SALEM, Oregon — Those keeping an eye out around Salem might notice matching Adirondack chairs outside restaurants like Word of Mouth or in the lobby at the Department of Human Services building. They’re built from pine in a standard style, in various stains on hand-sanded wood.
Most wouldn’t guess that they’re built by the psychiatric patients of the Oregon State Hospital.
The woodshop, part of the vocational services program, operates within the main complex of the hospital. There, they produce Adirondack chairs, loveseats, ottomans, tables and the occasional odd piece of special-order furniture.
“Sometimes when people come to us, they don’t engage in healthy activities in their spare time. So giving them something that they’re interested in, like woodworking can be a really powerful tool,” said Rebeka Gipson-King, hospital relations director.
Brian Baker supervises the shop and designs the templates that patients follow during construction. He started at the hospital in 2004 and took over the woodshop several years later.
“I jumped right in and started building,” he said. “This is exactly what I wanted to do.”
Baker was a carpenter for many years in Colorado before studying occupational therapy and combining the two passions at the hospital woodshop. He teaches and assists the patients during construction and inspects the furniture when it’s done. He said workers often don’t have any background with woodworking but are eager to learn.
“I love being able to show them what I know about woodworking,” he said. “It’s amazing. I’ve found some patients here that, you wouldn’t think they had the ability that they had.”
Up to six patients work under Baker at various stages of construction in the shop — cutting, sanding, painting and assembling.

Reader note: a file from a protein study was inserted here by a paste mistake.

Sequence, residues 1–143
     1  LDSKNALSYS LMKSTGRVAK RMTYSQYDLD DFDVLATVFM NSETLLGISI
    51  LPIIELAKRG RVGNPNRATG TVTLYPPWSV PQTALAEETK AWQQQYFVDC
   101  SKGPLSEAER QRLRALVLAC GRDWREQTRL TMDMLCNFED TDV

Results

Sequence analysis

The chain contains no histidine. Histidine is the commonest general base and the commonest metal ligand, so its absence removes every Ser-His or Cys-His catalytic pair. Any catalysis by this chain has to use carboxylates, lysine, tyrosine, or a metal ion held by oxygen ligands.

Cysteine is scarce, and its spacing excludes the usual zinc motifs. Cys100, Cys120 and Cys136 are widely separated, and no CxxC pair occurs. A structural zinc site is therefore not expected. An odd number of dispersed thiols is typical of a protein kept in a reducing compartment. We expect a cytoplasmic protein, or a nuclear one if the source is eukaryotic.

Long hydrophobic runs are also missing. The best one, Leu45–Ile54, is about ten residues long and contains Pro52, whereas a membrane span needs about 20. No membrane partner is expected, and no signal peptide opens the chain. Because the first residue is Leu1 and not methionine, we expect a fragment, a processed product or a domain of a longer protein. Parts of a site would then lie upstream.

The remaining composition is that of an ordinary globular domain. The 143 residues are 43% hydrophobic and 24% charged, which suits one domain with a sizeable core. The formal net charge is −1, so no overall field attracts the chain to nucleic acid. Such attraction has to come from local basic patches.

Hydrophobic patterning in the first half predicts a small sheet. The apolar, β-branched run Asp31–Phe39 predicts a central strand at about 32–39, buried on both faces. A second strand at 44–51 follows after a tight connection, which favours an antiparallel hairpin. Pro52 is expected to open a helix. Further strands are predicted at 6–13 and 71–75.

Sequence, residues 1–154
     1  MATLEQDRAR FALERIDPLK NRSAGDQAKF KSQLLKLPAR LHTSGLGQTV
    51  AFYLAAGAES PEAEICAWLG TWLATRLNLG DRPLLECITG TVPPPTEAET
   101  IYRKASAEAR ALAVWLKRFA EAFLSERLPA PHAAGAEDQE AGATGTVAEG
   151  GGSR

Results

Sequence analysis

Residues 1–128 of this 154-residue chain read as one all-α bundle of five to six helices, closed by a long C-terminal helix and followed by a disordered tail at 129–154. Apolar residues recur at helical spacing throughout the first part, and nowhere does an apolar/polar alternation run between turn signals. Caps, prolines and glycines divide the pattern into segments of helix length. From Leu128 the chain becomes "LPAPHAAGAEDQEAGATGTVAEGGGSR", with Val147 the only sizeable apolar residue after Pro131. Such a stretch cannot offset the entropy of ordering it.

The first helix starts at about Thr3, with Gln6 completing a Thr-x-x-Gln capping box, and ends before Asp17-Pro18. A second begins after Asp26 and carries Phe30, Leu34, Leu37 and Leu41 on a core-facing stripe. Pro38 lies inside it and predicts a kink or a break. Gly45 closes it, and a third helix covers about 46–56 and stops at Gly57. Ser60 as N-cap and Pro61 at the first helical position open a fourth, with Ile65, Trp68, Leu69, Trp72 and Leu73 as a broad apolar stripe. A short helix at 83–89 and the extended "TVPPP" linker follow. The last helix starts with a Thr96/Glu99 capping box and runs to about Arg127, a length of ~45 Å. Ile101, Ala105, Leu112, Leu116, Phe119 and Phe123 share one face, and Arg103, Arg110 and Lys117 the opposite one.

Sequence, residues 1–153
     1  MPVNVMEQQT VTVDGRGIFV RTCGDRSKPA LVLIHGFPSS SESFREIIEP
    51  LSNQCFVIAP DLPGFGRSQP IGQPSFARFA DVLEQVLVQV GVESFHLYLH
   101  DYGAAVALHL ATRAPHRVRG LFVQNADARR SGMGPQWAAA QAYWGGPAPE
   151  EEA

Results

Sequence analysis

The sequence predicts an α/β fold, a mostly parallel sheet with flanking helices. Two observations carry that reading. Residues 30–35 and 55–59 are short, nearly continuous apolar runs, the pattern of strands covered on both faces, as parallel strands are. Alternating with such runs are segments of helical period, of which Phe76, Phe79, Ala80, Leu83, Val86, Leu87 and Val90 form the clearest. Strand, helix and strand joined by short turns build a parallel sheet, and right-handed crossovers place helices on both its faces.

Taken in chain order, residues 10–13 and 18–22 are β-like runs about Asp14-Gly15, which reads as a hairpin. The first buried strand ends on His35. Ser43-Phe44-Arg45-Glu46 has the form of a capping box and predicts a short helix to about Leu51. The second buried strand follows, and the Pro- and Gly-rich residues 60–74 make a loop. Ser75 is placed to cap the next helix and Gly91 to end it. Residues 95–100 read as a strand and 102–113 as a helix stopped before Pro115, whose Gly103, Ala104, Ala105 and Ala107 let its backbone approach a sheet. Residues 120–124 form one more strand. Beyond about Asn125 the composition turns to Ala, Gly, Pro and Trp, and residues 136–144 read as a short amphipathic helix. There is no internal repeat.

Some patients rotate through different areas of the shop; others know exactly what they like.
“I love to sand. I can get in my own zone and smooth out the wood the way it’s supposed to be,” said Andrew Siegel, who’s been a patient since 2008 and worked in the woodshop for a year and a half.
“I like to see the beautiful furniture. The final product, see it all come together,” he said. “It takes teamwork.”
The program is unique because the chairs are one of the only things created in the hospital that see the outside. For patients who once tended toward self-destructive behavior, the shop can teach them how to build.
“It might be the only time that the clients have anybody who actually believes in them and is giving them an opportunity to succeed in life, and praising them when they do it, you know? They might’ve never had that,” said Krystal Landry, assistant director of vocational services.
Siegel didn’t have any carpentry experience when he came to the woodshop. Now, Baker calls him the “master of sanding.”
“I zone into the process of working the wood. I just go from piece to piece to piece, any pieces that need to be done,” Siegel said.
This is the goal of the woodshop — to provide skills and experience that patients can take out into the world and apply to real jobs. They’re treated like employees during shifts, paid a wage and able to earn recommendations for future job applications. Proceeds from the chairs, which can be purchased through the Oregon Health Authority, return to the shop as funding.
Before Siegel was in the hospital, he worked in a dog kennel. He said he liked that, too, but that he hasn’t found anything in his life that helps him focus the way he does at his sanding station.
“I haven’t missed a day,” he said. “If they have jobs like this on the outside, they probably do, but I would definitely love to get into something like that.”
Information from: Statesman Journal, http://www.statesmanjournal.com